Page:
8 December 2008

Canon cameras need f/5.6 or faster lenses

If you have a Canon EOS digital SLR camera that's not an EOS-1D or EOS-1Ds model you really should make sure your lenses have a maximum aperture of f/5.6 or faster. Canon doesn't write this in big enough letters in their specifications and instruction books but for the AF to work as Canon intended it needs a certain amount of light, the amount being the same amount as you get through a lens with an f/5.6 or faster aperture.

I've heard a number of photographers in camera clubs saying that they have focus trouble with their Canon cameras and their third party lenses. I also hear that it gets worse the more they zoom in with their lenses. The usual culprit is the Sigma or Tamron 18-200mm f/3.5-6.3 lens, though sometimes it's the Tamron 28-300mm f/3.5-6.3. The key being the f/6.3 aperture at the longer end of the zoom range. Last time I checked in a camera store the Sigma 18-200mm goes to f/6.3 around 120mm.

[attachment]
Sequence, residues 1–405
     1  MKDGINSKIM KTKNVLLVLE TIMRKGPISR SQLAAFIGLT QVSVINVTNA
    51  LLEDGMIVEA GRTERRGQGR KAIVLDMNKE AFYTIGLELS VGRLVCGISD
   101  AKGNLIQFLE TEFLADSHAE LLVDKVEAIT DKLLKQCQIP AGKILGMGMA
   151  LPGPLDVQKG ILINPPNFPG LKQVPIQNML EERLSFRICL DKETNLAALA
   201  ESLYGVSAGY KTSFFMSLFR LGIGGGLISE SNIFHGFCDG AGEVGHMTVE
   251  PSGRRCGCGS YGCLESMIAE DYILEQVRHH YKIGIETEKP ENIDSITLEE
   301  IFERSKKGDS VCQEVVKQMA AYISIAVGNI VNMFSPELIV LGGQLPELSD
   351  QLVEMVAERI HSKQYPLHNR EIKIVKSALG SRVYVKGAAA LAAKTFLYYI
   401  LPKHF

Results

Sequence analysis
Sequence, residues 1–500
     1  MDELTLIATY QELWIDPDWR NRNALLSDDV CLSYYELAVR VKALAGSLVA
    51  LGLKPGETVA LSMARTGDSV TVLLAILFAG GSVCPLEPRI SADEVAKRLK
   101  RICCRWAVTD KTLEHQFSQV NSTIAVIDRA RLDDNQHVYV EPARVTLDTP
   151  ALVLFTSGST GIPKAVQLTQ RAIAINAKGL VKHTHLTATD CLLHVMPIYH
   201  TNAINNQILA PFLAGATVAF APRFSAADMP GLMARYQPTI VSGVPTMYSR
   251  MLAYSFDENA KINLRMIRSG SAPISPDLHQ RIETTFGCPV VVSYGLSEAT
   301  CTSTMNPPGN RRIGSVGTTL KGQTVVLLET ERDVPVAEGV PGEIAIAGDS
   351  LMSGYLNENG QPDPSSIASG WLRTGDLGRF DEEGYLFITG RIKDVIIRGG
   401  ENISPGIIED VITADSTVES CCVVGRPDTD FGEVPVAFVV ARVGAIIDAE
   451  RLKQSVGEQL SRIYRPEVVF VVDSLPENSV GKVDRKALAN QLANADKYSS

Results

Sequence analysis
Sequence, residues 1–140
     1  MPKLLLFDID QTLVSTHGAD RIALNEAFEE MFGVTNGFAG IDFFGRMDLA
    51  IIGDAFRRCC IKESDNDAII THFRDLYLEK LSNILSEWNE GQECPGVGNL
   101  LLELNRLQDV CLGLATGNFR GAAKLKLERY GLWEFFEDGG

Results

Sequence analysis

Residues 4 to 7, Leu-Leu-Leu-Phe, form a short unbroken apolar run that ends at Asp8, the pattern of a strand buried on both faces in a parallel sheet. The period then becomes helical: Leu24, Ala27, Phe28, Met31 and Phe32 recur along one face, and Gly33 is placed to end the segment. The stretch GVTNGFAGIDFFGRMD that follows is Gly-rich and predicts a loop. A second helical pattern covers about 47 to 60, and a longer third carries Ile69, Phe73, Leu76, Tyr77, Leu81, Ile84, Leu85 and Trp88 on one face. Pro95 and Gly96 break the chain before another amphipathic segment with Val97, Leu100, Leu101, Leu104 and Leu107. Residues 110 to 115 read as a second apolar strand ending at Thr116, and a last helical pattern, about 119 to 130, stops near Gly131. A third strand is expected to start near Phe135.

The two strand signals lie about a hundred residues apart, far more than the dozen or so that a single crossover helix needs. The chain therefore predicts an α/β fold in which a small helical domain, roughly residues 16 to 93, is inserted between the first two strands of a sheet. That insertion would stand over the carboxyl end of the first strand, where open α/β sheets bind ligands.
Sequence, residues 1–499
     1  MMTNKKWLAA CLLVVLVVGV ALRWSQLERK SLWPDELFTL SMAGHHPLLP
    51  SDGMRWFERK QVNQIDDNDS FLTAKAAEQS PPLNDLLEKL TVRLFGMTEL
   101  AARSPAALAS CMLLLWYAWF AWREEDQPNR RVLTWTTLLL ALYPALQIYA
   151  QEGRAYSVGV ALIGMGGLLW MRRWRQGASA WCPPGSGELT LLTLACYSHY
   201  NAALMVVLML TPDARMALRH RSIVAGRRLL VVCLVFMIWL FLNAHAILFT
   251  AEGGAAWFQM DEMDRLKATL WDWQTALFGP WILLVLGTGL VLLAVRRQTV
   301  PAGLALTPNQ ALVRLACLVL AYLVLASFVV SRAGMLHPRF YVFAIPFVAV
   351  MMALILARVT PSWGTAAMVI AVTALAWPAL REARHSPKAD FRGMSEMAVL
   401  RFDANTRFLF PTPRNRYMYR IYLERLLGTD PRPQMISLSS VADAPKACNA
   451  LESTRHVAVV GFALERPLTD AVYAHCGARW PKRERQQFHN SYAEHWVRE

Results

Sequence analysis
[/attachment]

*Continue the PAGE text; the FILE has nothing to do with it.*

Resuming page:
For a long time there's been no Canon 18-200mm solution but the new Canon EF-S 18-200mm f/3.5-5.6 IS USM is getting some nice comments [dpreview.com forums] [ Digital Pro Talk], and note that it's f/5.6 at the long end so your EOS will do it's best to AF properly, and we're not just talking in low light but in all kinds of light.

Check the current line-up of Canon lenses there's not a single lens with a maximum aperture slower than f/5.6 - says something doesn't it.

EOS-1D guys don't worry your center AF point can focus at f/8 so if you want to put a 1.4x extender on the EF 800mm f/5.6L IS USM lens you can still get AF.


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